clock menu more-arrow no yes mobile

Filed under:

Michael Esiobu takes unlikely path to NFL shot with New York Giants

Nigerian-born wide receiver played no varsity football in high school

Michael Esiobu
[Photo courtesy Lakeland Athletic Dept.]

Michael Esiobu, a wide receiver from tiny Lakeland College in Sheboygan, Wisc. who is one of the undrafted free agents trying out for the New York Giants later this week, is probably one of the most inexperienced football players to ever get a shot with an NFL team.

Esiobu, in fact, played so little football before getting a chance with the Division III Muskies that it's sort of amazing he even got an opportunity at that level. Much less a chance to make it in the NFL.

The Nigerian-born Esiobu played a little bit of high school football, but never reached the varsity level. When his family moved back to Nigeria that was the end of his high school athletic career.

Back in the states for junior college, Lakeland football coach Colin Bruton said Esiobu came across Lakeland "by chance" when a friend came to the school on a basketball recruiting visit. Esiobu contacted the Lakeland football office and asked for a chance.

“He kinda recruited himself to us," Bruton said. “We took a flier on a kid that we thought had upside, but we knew was extremely raw.

“Just looking at him he looked he was a kid that had a good frame that could put on weight. Really developed as an athlete here and really just a testament to how hard he worked. He was kind of a weight room junkie, was always in the weight room and really worked hard to develop his body and work on the technical aspects of being an athlete as far as being a receiver at our level.”

Not only had Esiobu played very little football before arriving at Lakeland, the football he had played had been as a running back.

“He had to learn from Day 1 everything from stance all the way on down to route running and all that kind of stuff," said Bruton. "It was a really unique situation.

“We were willing to take a chance on a kid like that, and he developed. If you had told me four years ago that the New York Giants would be signing one of our kids it certainly would not have been him.”

Esiobu is the first player in Bruton's nine seasons at Lakeland to get a shot with an NFL team.

“It’s been really cool, really exciting on campus. People are really excited about it. Everybody kinda knows Mike's story," Bruton said. “Everybody knows Mike from administration on down and they’ve kinda witnessed his transformation, which is cool to see.”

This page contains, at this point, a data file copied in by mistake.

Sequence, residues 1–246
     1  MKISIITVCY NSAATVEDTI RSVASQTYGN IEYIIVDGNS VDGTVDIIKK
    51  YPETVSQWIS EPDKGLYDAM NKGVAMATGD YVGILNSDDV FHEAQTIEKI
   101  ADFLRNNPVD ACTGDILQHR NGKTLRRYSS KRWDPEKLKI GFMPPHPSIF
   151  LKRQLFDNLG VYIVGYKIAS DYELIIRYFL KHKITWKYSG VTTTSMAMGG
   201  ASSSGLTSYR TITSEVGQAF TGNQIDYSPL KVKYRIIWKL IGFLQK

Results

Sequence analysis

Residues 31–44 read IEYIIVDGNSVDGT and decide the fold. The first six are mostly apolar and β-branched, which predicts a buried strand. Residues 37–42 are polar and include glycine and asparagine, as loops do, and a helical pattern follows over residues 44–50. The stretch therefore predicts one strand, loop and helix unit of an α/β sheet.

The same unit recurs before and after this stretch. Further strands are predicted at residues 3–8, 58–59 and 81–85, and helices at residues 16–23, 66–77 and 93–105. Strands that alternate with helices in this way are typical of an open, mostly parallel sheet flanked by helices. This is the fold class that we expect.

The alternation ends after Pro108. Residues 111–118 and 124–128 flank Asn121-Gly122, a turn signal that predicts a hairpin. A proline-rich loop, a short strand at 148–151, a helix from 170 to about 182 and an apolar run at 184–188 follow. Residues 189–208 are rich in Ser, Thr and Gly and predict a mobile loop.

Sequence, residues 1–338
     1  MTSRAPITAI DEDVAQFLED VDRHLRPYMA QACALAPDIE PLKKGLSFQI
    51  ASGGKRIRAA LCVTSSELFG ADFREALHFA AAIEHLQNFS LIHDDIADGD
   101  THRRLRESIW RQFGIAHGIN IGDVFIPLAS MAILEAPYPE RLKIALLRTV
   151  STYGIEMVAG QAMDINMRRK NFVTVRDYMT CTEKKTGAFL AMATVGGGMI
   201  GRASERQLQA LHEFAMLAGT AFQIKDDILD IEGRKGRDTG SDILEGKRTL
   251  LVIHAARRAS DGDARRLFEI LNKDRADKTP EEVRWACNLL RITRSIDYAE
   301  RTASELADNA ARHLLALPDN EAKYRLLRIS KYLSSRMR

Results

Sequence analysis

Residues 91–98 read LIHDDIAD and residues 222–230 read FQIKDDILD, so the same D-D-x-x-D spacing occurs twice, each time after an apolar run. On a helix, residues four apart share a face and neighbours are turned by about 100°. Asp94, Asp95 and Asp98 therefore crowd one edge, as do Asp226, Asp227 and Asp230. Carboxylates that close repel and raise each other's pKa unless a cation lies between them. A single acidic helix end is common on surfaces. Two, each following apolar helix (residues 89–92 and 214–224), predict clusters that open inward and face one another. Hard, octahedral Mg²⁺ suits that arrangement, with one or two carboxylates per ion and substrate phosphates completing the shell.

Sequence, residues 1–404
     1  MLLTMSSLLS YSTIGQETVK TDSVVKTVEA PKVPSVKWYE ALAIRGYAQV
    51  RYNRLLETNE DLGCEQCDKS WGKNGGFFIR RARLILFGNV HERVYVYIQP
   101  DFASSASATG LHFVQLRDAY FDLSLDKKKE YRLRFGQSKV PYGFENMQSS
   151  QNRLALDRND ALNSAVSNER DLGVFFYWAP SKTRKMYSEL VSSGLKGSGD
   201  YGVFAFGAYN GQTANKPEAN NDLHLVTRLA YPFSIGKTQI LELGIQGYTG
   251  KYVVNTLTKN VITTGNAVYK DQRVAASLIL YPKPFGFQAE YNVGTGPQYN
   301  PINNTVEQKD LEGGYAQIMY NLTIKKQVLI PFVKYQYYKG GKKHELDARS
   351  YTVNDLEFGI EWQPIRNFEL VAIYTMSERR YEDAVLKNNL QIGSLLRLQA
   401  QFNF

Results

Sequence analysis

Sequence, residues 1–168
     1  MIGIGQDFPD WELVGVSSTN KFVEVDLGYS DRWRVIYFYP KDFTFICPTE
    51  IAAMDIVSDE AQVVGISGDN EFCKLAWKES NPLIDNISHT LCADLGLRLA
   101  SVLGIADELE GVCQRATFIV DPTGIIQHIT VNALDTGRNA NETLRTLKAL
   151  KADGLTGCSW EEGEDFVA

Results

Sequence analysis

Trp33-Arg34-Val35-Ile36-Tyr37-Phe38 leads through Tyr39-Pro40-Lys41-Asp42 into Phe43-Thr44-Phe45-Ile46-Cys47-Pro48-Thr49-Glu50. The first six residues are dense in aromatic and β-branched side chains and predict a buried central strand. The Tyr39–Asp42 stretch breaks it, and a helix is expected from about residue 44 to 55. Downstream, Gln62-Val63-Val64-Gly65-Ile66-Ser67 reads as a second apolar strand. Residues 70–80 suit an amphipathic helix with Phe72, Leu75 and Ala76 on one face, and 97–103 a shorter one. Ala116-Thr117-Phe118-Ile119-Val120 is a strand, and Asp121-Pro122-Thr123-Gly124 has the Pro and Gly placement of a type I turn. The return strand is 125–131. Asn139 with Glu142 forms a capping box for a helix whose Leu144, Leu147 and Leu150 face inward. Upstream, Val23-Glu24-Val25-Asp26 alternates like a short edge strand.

Michael Esiobu catches a pass vs. Carthage
[Phto courtesy Lakeland Athletic Dept.]

Esiobu, who has developed into a 6-foot-2, 225-pounder, did not catch a pass as a freshman for the Muskies, and caught only eight in nine games as a sophomore. He caught 33 as a junior and last season, as a senior, had 56 catches for 792 yards and seven touchdowns.

So, what kind of player is the young man and how did the Giants find out about him? Perhaps finding him is a testament to the mundane drudgery of the scouting universe, leaving no stone unturned to find talented players who might -- just might -- have a skill that can help your team win a football game one day.

Esiobu participated in the Northwestern Pro Day, then played in the Division III Senior classic in Daytona Beach, Fla. Bruton said he is "not really sure" where the Giants became aware of Esiobu.

“They’ve kinda been the team that has been interested the most throughout the process," Bruton said.

How good can Esiobu be?

“It’s hard for me to answer that. We don’t coach NFL guys on a daily basis, so it’s hard to measure," Bruton said. "He’s physically very strong. He physically is going to look the part vs. any Division I guy, any guy the Giants have drafted, any guy they have he’s gonna look the part. He’s physically put together."

Bruton said Esiobu benched 225 pounds "23-24 times," -- better than any wide receiver at the combine -- and is "right at the top of those numbers" for wide receivers in the vertical and broad jumps.

In addition to level of competition, Esiobu will face a couple of questions in his quest to have an NFL career. He is already 23, turning 24 in November. He also run the 40-yard dash in the 4.6 to low 4.7 range, which would have put him among the slowest wide receivers at the combine.

“The straight line speed is gonna be the biggest question mark he’s gonna have. Can he flat out separate from corners at that level? That’s really gonna be his biggest challenge. If he can solve that he’s a crafty kid, he’s a good route runner, he really uses his upper body well in route running. … the way he can lean his body into defenders to create separation," Bruton said.

“The question is just gonna be can he separate with speed.”

There is no question, though, that this has been a heady time for both Esiobu and for Lakeland.

“It’s been an exciting couple days for us, from a football program standpoint, but also on campus. From the president of the college on down people are very supportive," Bruton said. “To see a kid like that continue to work and continue to develop is what’s really been cool for us.”